“Courage isn’t being fearless,” Sango told him, her voice nearly a whisper. “Courage is being afraid, and doing it anyway. Like you do, every day.” Though she could barely see him, she stared at his profile, taking in the spiky bangs and straight nose and dark eyebrows. “And,” she continued with a sort of desperate humour, trying to lighten the heavy mood, “you’re cute, too.”
His head snapped round to face her once more. “What?” he demanded, his voice harsh and cranky like usual. “I’m not cute, you idiot.”
“Yes, you are,” she insisted. “Your ears are the cutest things ever, and the rest of you is…“ She stopped suddenly, before she could embarrass herself thoroughly. The truth was, she thought Inuyasha was the best-looking man she’d ever seen, with his long sweep of silver hair and eyes of liquid gold. She’d seen him shirtless many times, and naked once (by accident) and each time was seared into her memory, little moments that had sent a ping of awareness through her in a way that Miroku only ever dreamed of being the cause of.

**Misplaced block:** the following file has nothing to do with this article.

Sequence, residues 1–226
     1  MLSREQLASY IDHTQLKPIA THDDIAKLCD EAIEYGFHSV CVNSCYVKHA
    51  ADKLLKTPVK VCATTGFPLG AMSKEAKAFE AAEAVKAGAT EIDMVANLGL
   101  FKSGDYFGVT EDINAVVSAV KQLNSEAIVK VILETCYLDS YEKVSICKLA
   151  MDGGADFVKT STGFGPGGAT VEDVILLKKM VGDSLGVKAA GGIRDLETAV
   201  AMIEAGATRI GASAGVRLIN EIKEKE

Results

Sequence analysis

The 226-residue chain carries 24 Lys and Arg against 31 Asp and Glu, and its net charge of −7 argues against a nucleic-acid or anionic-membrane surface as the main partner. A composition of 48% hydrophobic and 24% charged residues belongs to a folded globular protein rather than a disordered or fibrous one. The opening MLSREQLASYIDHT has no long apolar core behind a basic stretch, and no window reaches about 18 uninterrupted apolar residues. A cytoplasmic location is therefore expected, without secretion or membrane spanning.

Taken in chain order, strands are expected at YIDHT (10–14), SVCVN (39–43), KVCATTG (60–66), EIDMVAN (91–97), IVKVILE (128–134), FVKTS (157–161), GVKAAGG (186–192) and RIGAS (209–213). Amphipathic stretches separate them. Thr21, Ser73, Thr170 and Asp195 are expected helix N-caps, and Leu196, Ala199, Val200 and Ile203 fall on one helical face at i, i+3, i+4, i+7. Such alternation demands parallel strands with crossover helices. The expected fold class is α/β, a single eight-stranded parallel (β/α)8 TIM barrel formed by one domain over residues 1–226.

Inuyasha went very still. “The rest of me is what?” he asked, but she ducked her head, cheeks flaming. He put his clawed finger under her chin, forcing it up so he could look at her. “Is what, Sango-chan?”
Clouds overhead shifted at that moment, and moonlight streamed over them, lighting his face with unearthly glow. His eyes were molten amber, and Sango felt like a tiny insect caught in them. “Is beautiful,” she breathed before she could catch herself.
He said nothing, just stared into her upturned face with something akin to wonder on his own, until Shippo bounded around the bend in the path that had kept them out of sight of the rest of their group.
“What’s going on, Inuyasha, Sango-chan?” he asked, little face creased in suspicion at their proximity.
“Nothing that a nosy little pest like you needs to know about,” Inuyasha snarled, aiming a fist at the kitsune as he detached himself from Sango, but Shippo danced nimbly out of the way, shouting to Kagome that Inuyasha was being mean again. Sango felt the loss of his warmth beside her keenly, felt untethered and aimless, and stuffed her arms into her sleeves, hugging herself as she kept walking.
She stared blindly at Inuyasha’s bare feet as he strode purposefully a dozen steps ahead of her, and wondered what in heaven’s name she’d just done. So intent was she on her musing that she failed to notice how he turned to look at her, his face quizzical and still a little awed.